Intercessions: opening worship of the High Leigh Conference 2019
God of compassion, we remember today
Those for whom earthquakes, wind or fire
Has brought chaos and destruction.
For those who have lost everyone and everything they love.
We hold in our hearts and before you, those for whom the future is uncertain because of ill health, precarious relationships, or economic challenge; and those for whom the end of life in near.
And we share in in joy, with those experiencing new birth, new life and fresh starts – full of hope and expectation.
We bring before you our sacred and beautiful planet, teaming with life, renewal and healing forces.
May we do all we can to halt and mitigate the slow death of biodiversity
The continuous assault on what you have made.
God of mystery,
Where are you
When the world flings demands
Like a rain squall at the window,
When the pressure to perform steals us from ourselves,
When grasping for our future leaves us empty handed?
Where are you
When confusion is in heady ascendance,
When digging for surety lacerates and fragments?
Where are you in the fray,
In the tangled threads of feeling with no beginning or end?
God of our depths, be with us.
Do not rescue, but hold us;
Befriend, and reacquaint us
With our roots,
Our core,Our true desires.
Help us to know
How slowly moves the deep;
our connection to earth
and the life that is you.
Help us to know
What we carry inside;
a space that does not always, or often,
know its shape
or what its purpose is.
Help us to know
That beyond our striving and our need
All you are is love,
And all we have is you.
Alison Webster May 2019
YOUR WILL BE DONE
A Christian response to key environmental issues
Date: Wednesday 5th June 2019
Time: 10 am to 4 pm
Cost: £10 which will include lunch
Venue: St James Church, Church Lane, Finchampstead, RG40 4LU
What does it mean to pray, ‘Your will be done on earth’? What are the big issues in our natural world today? How do they impact on people and what do they have to do with Christian faith and mission? This day will bring an up to date approach to climate change and biodiversity loss, and touch on other issues such as food, water, soil and plastic. How can we understand these issues as Christians an dhow can our response be fully missional?
Martin Hodson is a plant scientist and environmental biologist. He is operations director for the John Ray Initiative (JRI).
Margot Hodson is Rector of the Wychert Vale Benefice in Buckinghamshire. She is on the management boards of both the JRI and A Rocha UK. The Hodsons have written a number of books on faith and environmental issues.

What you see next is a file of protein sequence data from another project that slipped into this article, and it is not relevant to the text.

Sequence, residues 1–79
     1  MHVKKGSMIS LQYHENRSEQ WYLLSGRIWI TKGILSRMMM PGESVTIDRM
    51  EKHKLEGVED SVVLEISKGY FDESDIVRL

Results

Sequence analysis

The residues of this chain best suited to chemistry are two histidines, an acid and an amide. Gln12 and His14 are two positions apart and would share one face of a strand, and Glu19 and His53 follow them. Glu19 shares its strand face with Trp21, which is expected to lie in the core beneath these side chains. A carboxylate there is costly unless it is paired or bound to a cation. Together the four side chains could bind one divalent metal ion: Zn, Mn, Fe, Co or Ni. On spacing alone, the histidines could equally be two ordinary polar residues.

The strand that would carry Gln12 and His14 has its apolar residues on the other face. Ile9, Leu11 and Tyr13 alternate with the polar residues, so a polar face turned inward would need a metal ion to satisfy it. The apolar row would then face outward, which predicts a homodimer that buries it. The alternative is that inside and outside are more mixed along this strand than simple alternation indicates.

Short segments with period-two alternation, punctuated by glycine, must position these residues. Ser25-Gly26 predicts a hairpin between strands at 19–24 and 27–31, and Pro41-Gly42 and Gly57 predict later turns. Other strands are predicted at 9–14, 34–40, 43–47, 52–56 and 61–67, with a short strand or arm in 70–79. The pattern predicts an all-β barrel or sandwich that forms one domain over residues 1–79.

For tickets follow the link below:
WHAT IS A DEANERY
The Diocese of Oxford is divided into four smaller ‘episcopal Areas’, three of them overseen by their own Area Bishop. One such area is Reading. Each area is then further split into deaneries. The deaneries of the Reading Episcopal Area are: Bracknell, Bradfield, Maidenhead and Windsor, Newbury, Reading and Sonning. Sonning Deanery stretches from Wargrave in the north to Sandhurst in the south. It contains 12 benefices with 23 places of worship in a mixed rural, semirural and urban setting. Our current Area Dean is the Revd Richard Lamey, Rector of the three Churches of the Parish of St Paul, Wokingham.
What does the deanery give to the parish/benefice?
The deanery represents a manageable level of organisation between a parish/benefice and the Diocese/Archdeaconry. Its aim is to assist churches to do things together that they could not do on their own; to support and encourage clergy in a role which can often be isolated and pressured; to perform an administrative function (eg allocating the Parish Share/organising building inspections); to act for the Archdeacon on inspections; to offer ideas, challenge and inspiration through meetings; to offer prayer and encouragement for each other; to work together towards input to the diocese; and to support mission and ministry in the parish/benefice.
What is a deanery synod?
The deanery synod has a membership of all clergy who are licensed to a parish/benefice within the deanery, plus elected lay members from every parish. The larger your Electoral Roll, the more members you are entitled to elect. Members meet approximately four times a year at varying venues throughout the deanery. All meetings include a financial report, including reports on Parish Share, followed by a talk. Over the past year, lay discipleship, fundraising, and human sexuality have been discussed. All members share in a Eucharist service at one of the meetings. Currently, the Deanery Plan is being finalised. The emphasis of this plan will be on those areas of mission that can be done better as a deanery than as individual parishes: for example, outreach into new communities, empowerment of lay leaders, shared training courses, to name but a few.
What is Deanery Chapter?
Clergy within the deanery meet monthly over lunch at Deanery Chapter. These meetings form an important basis for support, challenge and collegiality for clergy to learn from each other and from those who address the meeting.
Regular Prayer Letters are sent out from the Deanery- do please use those intentions as a way of weaving us all together in prayer.
Pauline Humphreys (Deanery Synod Standing Committee Member)